I know it's a mistake in principle to keep referring back to English, rather than just letting Welsh be Welsh, but in this respect I don't honestly feel that it's that different from English usage. (I say this having had a similar problem with Old English, where the form of the definite article changes, and I had great fun trying to figure out which of the two nouns the 'the' went with, until I realized that it was basically the same as Modern English...)
Would you be happy with the following definitions?
A princess is the daughter of a queen.
The princess is the daughter of the queen.
I think that in English the 'daughter' bit is effectively unmarked as to definiteness: what matters is whether there's one particular, specific queen or not. (Similarly, "I bought a sheep's head from the butcher" = "the head of a sheep"; the sheep has -- had! -- only one head, so it gets a 'the' in the second version, but in the first version it's the fact that it's not a specific sheep that matters. If it's a specific sheep, "he saw the sheep's head poking above the bars of the stall" = "the head of the sheep".)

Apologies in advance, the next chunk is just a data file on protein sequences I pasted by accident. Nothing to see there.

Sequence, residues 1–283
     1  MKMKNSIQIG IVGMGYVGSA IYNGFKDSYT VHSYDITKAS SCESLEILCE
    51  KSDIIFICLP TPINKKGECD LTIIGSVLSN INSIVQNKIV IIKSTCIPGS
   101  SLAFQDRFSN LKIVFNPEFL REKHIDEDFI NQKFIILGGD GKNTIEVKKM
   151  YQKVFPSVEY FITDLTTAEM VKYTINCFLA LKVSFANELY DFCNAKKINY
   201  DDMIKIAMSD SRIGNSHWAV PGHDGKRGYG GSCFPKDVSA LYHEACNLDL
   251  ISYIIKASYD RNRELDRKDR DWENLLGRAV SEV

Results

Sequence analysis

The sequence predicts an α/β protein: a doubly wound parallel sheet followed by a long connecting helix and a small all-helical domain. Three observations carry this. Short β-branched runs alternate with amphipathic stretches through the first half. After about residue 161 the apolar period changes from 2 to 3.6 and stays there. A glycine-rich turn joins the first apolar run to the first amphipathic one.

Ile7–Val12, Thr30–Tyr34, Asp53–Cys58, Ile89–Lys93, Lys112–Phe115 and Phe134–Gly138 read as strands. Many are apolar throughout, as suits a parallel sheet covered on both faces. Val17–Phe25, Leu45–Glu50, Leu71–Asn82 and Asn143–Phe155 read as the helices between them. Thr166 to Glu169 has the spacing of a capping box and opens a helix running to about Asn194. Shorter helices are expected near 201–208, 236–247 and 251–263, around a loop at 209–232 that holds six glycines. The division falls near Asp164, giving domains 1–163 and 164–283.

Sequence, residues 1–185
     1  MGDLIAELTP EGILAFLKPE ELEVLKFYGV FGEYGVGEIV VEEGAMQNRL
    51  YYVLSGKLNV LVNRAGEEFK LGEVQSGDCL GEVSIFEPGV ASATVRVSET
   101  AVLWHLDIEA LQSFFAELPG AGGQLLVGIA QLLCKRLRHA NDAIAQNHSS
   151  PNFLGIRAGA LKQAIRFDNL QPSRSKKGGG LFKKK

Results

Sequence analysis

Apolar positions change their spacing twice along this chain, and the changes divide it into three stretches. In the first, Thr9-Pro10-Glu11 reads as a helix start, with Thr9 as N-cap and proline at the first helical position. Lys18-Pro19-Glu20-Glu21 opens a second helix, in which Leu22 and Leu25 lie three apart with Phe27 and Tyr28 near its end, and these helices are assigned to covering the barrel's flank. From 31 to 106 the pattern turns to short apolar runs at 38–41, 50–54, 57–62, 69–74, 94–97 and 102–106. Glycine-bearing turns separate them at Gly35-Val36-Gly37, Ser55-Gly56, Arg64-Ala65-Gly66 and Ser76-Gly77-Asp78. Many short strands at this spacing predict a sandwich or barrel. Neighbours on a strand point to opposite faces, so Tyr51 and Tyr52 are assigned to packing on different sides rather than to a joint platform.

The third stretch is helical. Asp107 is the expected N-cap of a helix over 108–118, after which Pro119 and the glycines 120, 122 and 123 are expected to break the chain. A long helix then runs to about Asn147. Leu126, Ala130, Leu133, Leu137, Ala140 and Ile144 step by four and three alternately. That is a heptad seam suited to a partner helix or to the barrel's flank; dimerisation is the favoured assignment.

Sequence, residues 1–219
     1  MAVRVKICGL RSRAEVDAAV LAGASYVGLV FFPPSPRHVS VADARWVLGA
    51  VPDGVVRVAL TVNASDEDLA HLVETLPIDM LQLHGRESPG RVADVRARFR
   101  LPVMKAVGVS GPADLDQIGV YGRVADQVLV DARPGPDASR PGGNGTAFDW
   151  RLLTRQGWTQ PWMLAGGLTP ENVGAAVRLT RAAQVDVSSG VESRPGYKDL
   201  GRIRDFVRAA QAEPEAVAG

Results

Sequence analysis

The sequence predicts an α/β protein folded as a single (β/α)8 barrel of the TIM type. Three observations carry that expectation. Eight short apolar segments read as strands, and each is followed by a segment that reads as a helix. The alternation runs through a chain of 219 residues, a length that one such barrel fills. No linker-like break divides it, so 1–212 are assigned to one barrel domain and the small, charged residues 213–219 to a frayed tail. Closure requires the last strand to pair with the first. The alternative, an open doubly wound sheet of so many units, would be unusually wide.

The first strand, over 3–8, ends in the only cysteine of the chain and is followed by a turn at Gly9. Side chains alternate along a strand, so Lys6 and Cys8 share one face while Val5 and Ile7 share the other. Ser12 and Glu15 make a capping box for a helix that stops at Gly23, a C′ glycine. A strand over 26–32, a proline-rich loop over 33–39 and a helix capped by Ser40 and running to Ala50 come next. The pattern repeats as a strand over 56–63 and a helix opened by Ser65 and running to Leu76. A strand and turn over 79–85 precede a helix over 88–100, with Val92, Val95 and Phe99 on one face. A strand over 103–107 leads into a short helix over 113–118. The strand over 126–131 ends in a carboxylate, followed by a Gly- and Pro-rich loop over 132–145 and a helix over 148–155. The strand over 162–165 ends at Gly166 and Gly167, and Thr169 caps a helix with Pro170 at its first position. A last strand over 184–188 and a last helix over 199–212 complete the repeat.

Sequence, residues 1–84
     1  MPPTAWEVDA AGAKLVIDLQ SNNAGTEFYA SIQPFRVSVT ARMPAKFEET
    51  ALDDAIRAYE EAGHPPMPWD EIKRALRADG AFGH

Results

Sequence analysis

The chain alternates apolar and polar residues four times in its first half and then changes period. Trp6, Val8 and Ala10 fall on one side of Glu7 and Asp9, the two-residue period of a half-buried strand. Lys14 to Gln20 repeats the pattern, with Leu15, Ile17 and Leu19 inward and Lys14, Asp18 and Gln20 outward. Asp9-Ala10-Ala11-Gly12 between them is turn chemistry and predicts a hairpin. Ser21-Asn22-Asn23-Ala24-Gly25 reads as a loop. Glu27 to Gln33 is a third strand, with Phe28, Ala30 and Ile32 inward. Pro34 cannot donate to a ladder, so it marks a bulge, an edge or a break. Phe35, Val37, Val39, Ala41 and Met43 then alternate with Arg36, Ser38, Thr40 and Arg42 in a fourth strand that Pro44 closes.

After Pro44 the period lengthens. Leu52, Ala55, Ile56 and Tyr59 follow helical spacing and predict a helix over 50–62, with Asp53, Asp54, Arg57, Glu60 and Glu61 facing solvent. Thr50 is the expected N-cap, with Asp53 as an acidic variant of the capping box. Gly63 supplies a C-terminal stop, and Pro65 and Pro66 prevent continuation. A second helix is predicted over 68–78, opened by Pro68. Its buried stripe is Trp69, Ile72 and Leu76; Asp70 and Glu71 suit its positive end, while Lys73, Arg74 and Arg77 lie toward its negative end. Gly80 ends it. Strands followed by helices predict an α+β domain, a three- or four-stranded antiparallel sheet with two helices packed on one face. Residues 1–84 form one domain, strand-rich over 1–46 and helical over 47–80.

So in Welsh, Mi welais i ben dyn / Mi welais i ben y dyn (I think that works, although I've randomly changed it to a man's head rather than a sheep's...)
And then in the case of Anna's house, what's going to decide whether you need a 'the' or not isn't the house, it's whether or not you need a 'the' in front of 'Anna': "Anna's house" = "the house of Anna", "the Anna's house" = "the house of the Anna".
(I hope I'm not labouring the point -- there are languages that would certainly do things differently. In Greek you'd need a definite article even with the name, and you would say "the house of the Anna! )